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Signed waiver did not prevent negligence suit for injury at health club

On behalf of Jordan Blad at Alpert & Fellows

If you suffer personal injuries due to the negligence of a business owner, you should be entitled to compensation for your suffering. However, what if the business owner had you previously sign a document-or waiver-regarding the possibility of your injury? Could the business still be liable for your injuries?

The Wisconsin Court of Appeals considered this question in the context of a health club in the case of Brooten v. Hickok Rehabilitation Services.

A weight bench collapses

The victim was using a weight bench at a health club when the bench collapsed. The bench was designed so it could be used in a flat, inclined or declined position, and the victim was bench pressing in a flat position at the time.

A T-bar supporting the bench shifted, causing a sudden decline of the bench. According to a product support manager at the company who manufactured the bench, the T-bar should not have moved side to side, if installed properly with adequately tightened bolts.

The victim brought personal injury claims, but the health club had required the victim to sign a waiver form prior to using the facilities. Based on this waiver, the Circuit Court granted a summary judgment in favor of the health club-ending the case before the victim even had his full day in court. The victim appealed this ruling.

Did the signed waiver prevent recovery?

The Wisconsin Court of Appeals explained that its decision would depend on whether the waiver form relieved the health club of liability, and noted that such agreements are not favored under Wisconsin law.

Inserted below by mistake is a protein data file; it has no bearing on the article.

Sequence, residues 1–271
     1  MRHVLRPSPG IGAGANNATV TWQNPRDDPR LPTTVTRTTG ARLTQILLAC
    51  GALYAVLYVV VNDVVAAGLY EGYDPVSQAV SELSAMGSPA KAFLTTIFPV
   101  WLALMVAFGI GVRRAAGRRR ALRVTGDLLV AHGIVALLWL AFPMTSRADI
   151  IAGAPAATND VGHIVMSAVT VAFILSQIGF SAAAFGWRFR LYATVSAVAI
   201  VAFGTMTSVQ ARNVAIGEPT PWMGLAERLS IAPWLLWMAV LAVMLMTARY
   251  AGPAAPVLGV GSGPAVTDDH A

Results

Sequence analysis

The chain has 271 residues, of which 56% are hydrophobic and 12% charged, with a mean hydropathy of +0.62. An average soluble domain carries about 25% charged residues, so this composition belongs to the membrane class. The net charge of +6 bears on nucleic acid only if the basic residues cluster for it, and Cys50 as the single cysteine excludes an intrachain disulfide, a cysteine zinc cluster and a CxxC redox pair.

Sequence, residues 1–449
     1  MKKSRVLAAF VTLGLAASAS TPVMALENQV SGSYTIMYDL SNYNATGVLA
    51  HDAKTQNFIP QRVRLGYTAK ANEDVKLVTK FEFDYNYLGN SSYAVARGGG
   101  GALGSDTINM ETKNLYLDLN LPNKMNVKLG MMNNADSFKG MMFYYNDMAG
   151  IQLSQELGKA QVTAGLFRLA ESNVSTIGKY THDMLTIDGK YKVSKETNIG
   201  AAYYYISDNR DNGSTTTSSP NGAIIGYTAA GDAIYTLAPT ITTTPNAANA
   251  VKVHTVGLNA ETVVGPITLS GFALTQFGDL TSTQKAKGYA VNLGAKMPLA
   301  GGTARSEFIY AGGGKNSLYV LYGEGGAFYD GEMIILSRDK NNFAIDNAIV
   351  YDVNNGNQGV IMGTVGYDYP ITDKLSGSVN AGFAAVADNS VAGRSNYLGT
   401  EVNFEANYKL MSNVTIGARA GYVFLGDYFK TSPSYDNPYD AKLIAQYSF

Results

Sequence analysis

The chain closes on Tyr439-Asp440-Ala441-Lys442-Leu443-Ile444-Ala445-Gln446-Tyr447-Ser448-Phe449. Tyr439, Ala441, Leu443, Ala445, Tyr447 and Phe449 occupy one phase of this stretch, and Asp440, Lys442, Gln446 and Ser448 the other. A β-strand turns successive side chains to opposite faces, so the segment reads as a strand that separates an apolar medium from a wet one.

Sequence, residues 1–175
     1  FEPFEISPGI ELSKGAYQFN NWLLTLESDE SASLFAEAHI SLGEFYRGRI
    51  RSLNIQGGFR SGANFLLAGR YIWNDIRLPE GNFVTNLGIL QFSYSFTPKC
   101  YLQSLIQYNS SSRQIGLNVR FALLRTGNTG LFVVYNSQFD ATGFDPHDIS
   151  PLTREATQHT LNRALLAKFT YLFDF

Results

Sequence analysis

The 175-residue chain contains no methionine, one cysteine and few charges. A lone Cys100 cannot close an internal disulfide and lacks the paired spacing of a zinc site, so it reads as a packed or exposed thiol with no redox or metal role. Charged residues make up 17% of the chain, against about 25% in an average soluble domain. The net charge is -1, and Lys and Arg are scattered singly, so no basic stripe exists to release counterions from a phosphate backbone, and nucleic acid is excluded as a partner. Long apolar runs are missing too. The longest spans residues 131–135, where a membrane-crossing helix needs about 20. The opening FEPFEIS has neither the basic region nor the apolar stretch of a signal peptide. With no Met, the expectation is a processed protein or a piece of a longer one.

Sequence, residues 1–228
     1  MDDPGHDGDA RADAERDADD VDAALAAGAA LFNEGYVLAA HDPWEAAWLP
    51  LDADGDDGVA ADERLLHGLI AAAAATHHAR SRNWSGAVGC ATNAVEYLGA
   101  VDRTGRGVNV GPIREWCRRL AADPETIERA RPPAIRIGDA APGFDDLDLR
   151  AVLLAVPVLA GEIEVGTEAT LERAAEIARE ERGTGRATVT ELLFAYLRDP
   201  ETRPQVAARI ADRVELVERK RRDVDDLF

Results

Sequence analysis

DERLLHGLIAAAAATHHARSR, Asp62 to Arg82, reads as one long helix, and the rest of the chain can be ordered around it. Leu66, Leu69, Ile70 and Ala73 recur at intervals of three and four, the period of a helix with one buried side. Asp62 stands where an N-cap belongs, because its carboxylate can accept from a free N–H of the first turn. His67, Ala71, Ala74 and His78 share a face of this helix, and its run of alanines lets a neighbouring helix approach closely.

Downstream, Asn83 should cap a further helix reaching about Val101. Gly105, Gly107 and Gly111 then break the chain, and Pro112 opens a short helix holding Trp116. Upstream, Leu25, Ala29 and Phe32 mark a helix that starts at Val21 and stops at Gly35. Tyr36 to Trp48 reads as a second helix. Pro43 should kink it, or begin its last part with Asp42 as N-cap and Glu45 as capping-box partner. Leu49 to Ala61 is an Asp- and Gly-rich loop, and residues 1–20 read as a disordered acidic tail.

Here, the court held that the liability waiver was invalid on several grounds. First, the waiver had been presented on a “take-it-or-leave-it” basis, a significant factor in determining that a waiver might violate public policy. Second, the waiver was very broad and all-inclusive. Not only did the clause cover claims of negligence, but also even claims related to reckless or intentional conduct, which also is against public policy. Finally, the form did not clearly or unambiguously inform the signer of what he or she was waiving, with some key language buried in the middle of the form’s text.

Therefore, the summary judgment of the Circuit Court was reversed and the case remanded. The victim would have another opportunity at his full day in court to recover for his injuries from the dangerous condition of the weight bench.

Holding those at fault accountable

If you are injured on the premises of a business, or even the property of another person, and that injury was caused by the other party’s negligence, you should consult with an experienced personal injury attorney, even if you signed an purported “waiver form.” Those responsible for your suffering should be held accountable.